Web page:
The most brilliant galaxy in the universe has swallowed at least three galaxies in its neighbor. The finding is important to determine if the galaxy glows intensively with other galaxies.
Dubbat W2246-0526, the super brilliant galaxy was discovered by NASA's Wide Field Infrared Survey Explorer (WISE) 2015. The galaxy is 12.4 billion light years away and has a frosted mature super massive black hole in the center. W2246-0526 is not the largest or most massive galaxy in the universe, but it seems 350 billion times brighter than the sun. Its extreme brightness has been a bit of a mystery for researchers.
New observations with the Atacama Large Millimeter / submillimeter Array (ALMA) have shown that the astounding brightness of the galaxy is driven by dust drawn from three three smaller galaxies. Researchers have found distinct piles of dust that contain about as much material as the smaller galaxies themselves. The location and shape of the dust lines are also consistent with how the material will flow if dragged from one galaxy to another.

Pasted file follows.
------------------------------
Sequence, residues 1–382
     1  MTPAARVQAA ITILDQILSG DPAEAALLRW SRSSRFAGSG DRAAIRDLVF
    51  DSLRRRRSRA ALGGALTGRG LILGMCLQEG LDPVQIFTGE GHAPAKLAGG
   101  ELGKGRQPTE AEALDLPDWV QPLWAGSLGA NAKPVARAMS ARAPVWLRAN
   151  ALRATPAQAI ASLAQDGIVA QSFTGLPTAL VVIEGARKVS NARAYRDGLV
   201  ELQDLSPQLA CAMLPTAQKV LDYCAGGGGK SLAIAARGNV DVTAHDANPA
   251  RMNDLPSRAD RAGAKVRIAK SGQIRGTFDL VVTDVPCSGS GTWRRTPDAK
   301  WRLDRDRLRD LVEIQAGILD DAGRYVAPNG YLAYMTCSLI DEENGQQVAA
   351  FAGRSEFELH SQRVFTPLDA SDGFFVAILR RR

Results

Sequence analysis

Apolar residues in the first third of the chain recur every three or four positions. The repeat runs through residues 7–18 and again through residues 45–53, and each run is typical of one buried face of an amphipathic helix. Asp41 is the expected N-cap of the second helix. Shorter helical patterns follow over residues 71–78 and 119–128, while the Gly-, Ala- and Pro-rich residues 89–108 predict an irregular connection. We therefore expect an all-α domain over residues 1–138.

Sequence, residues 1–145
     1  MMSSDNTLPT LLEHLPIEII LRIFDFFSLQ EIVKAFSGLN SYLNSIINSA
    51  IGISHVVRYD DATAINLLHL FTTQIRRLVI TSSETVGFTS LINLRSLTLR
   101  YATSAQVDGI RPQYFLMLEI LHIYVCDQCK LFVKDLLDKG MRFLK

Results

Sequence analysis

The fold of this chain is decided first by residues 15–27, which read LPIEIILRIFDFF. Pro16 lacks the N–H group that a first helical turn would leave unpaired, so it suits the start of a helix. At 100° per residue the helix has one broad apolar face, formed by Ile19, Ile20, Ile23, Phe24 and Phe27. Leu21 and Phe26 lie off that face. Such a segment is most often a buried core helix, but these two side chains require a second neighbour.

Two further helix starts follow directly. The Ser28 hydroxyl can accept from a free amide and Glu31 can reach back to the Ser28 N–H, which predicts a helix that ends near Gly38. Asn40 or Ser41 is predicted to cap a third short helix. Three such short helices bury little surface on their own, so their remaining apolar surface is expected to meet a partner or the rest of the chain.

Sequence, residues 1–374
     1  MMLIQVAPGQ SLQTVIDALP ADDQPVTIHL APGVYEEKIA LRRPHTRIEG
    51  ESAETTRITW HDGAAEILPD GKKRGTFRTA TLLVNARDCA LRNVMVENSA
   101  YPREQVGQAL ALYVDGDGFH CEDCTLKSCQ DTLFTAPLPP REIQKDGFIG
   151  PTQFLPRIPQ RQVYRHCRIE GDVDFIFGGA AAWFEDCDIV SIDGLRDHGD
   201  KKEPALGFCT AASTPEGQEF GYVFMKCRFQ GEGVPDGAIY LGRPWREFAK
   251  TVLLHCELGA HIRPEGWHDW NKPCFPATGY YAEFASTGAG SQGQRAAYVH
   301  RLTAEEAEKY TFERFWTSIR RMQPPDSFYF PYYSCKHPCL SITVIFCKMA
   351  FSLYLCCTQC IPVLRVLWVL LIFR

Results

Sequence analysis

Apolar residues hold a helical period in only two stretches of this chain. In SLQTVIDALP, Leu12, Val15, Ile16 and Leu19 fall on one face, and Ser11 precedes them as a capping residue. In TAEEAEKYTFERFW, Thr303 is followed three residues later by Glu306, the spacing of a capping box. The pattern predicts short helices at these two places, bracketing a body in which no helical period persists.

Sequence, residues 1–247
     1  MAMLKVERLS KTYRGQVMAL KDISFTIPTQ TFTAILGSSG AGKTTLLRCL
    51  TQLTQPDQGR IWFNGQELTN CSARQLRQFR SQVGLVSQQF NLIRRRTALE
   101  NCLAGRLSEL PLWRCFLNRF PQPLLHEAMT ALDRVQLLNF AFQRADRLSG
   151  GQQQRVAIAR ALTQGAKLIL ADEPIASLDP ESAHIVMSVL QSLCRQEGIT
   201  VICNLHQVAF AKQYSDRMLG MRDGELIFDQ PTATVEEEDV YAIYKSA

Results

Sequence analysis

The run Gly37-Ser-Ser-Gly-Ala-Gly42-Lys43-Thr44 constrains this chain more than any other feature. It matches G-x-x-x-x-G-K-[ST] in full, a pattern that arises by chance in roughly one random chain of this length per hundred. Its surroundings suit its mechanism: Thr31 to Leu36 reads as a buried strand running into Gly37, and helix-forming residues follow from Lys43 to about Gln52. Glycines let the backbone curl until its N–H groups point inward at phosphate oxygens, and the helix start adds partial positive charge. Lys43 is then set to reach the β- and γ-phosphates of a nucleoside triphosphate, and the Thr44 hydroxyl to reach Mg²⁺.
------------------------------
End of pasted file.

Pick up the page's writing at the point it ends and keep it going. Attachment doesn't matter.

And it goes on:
"It is possible that these feedfrences have already been going on for some time, and we expect the galactic party to last for at least a few hundred million years." Leader author Tanio Diaz-Santos from Universidad Diego Portales in Chile said.
Galactic cannibalism is not a rare thing. Researchers have long known that many large galaxies contain residues of smaller galaxies. When the galaxies go too close together, the larger galaxies remain intact and retain their shape. But less will be removed and become part of the larger galaxy because of its intense gravity.
"We knew from previous data that there were three companion galaxies, but there were no signs of interactions between these neighbors and the central source," said Diaz-Santos. "We did not look for cannibalistic behavior and did not expect, but this deep dive with the ALMA observatory makes it very clear."